Like Frances Hinton of Look at Me and Kitty Maule of Providence, Ruth began with expectations. In her youth, she once cast aside the burden of an oppressive heritage, one best symbolized by the deep silence and heavy, dark furniture in the mausoleum of a house she shared with her parents, and fled England for France. Ostensibly, her goal was to write a dissertation on vice and virtue; in actuality, it was as much to seek air and space and light. Although she at first endured a sense of displacement and exile, a condition that at one time or another afflicts many of Brookner’s heroines, over time Ruth’s transplant into foreign soil proved successful. Away from her charming, eccentric, but infinitely demanding parents, Ruth flourished. She acquired polish, sophistication, lovers. Even as she gloried in her new life, however, Ruth, like many of Brookner’s other heroines, engaged in a constant internal debate over the question of how life is best lived. Does vice or virtue bring victory? She concluded that a life of conventional virtue can spell disaster for one’s hopes; regretfully, Balzacian opportunism cannot be discounted. It is better to be a bad winner than a poor loser. Even though she observed that conventional morality tales were wrong, however, Ruth lamented the triumph of vice.
Suddenly called back to England because of what proves to be a final deterioration in her mother’s fragile health, Ruth is forced to leave the comfortable, satisfying life she has built for herself. Her spirited adventure over, Ruth is unable to extricate herself once more. At forty, the long and beautiful red hair indicative of her youthful potential for rebellion now compressed into a tight chignon, Dr. Ruth Weiss is a felon recaptured. She is tender with her father and gentle with her students, and she expects little more from life. She is the first of Brookner’s heroines who learns to renounce.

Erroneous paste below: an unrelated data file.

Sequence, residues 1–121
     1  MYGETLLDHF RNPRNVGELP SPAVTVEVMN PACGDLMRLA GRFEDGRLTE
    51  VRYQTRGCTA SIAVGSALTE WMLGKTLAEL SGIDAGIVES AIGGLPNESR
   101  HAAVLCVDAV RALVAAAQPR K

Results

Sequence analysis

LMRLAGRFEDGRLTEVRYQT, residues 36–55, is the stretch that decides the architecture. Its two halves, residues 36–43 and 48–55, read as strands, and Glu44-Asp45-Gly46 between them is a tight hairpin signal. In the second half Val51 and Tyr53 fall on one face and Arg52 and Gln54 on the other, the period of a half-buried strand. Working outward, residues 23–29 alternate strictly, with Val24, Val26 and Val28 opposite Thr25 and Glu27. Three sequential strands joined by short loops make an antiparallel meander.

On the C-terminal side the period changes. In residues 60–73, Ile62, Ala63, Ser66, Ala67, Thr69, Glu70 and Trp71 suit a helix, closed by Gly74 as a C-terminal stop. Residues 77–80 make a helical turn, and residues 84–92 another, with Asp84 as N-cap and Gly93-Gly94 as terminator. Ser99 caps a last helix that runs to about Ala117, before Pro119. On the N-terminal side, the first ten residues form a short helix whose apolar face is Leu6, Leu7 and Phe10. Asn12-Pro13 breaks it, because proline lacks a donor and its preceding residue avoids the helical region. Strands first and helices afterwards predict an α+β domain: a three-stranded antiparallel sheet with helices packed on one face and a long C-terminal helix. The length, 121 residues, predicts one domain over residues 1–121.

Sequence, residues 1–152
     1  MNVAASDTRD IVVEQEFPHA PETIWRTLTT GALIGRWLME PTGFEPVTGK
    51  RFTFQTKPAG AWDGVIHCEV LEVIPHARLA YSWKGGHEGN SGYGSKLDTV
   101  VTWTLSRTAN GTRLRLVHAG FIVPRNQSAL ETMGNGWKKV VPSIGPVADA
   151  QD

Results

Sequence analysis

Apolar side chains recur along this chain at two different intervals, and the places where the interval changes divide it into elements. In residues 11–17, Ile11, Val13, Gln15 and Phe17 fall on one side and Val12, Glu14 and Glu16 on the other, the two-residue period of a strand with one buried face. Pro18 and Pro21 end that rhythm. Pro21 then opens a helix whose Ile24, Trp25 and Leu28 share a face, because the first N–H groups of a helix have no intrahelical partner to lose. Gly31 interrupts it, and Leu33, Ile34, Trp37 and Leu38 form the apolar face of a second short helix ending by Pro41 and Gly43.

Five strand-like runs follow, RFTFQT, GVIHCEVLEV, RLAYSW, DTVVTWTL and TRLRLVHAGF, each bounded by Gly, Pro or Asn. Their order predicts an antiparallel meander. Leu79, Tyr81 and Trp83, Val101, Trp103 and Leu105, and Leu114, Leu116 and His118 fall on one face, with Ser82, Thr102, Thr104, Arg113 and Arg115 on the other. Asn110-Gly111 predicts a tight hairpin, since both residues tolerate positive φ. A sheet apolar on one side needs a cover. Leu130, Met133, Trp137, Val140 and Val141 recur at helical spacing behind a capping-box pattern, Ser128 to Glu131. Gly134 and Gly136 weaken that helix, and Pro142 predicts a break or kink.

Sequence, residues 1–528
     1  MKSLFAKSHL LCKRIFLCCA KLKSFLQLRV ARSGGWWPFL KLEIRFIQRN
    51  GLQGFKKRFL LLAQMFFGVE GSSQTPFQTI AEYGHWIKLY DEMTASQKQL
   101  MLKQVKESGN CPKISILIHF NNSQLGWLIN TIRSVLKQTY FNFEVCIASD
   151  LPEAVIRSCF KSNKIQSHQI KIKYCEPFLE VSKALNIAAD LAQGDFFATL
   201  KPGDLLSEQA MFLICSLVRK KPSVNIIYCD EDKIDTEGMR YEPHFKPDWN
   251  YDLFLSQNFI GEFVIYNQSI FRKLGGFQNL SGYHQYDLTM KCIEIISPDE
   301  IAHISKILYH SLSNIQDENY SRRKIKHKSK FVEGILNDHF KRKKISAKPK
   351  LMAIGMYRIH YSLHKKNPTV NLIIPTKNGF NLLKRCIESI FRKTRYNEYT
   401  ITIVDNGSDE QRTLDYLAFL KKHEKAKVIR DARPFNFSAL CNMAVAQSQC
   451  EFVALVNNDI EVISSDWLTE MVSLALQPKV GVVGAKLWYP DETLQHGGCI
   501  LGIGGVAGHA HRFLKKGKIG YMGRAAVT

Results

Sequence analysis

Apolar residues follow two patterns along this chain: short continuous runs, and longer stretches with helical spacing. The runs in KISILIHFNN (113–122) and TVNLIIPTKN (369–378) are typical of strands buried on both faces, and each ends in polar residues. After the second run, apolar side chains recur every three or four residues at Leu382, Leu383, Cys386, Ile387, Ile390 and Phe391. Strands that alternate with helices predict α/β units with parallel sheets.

Ruth’s story is told retrospectively, in a way that recalls the French novel of meditation. The bold configurations of her story suggest the quality of a fable. The narrative also gains a necessary solidity and weight from the many allusions to Balzacian characters and texts. These allusions create a substructure of irony that continues to reverberate long after Ruth’s story is complete.
If Ruth is disheartened but finally resigned, Kitty Maule in Providence, Brookner’s second novel, moves toward outright disillusionment. Kitty is also a professor of literature. Her interests lie in the Romantic movement; this novel, then, like the rest of Brookner’s fiction, is filled with ideas, good talk, and vigorous intellectual exchanges. Here, both Kitty’s private musings and her running seminar on Benjamin Constant’s Adolphe (1816) provide a context for the exploration of Romantic concerns. Brookner’s use of Kitty as a teacher of the Romantic tradition is ultimately highly ironic, for Kitty cannot discern her own romanticism. Curiously, she has moments when she is almost able to see her romanticism for what it is, but in the end she suppresses the would-be insights and retreats into her dreams and passionate longings. What Kitty longs for is love, marriage, and, perhaps, God. Her longing for God goes largely unrecognized; like her fellow Romantics, she requires a sign. Her longing for love, however, the love of one man in particular, is at the perceived center of her life.